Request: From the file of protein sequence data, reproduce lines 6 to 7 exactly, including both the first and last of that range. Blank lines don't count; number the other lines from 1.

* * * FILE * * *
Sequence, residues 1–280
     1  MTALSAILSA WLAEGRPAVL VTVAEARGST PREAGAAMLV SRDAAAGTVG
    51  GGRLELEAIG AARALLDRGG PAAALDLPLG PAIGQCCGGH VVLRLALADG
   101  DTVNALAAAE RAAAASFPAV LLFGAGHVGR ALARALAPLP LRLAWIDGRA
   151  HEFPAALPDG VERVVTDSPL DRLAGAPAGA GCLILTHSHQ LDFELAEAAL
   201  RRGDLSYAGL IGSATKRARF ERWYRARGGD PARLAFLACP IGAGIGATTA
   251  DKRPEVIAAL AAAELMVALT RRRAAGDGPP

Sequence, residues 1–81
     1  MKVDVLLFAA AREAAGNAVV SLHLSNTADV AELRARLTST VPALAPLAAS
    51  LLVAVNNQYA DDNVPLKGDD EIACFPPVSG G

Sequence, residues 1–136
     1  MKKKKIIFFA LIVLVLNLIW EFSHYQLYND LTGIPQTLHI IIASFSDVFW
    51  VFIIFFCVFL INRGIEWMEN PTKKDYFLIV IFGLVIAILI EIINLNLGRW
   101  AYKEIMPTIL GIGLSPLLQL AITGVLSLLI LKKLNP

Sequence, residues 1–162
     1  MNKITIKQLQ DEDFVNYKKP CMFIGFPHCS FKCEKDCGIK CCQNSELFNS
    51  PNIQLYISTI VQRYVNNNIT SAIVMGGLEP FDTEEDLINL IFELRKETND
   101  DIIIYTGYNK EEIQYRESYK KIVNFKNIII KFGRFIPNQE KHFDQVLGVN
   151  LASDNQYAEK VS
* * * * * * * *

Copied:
   201  RRGDLSYAGL IGSATKRARF ERWYRARGGD PARLAFLACP IGAGIGATTA
   251  DKRPEVIAAL AAAELMVALT RRRAAGDGPP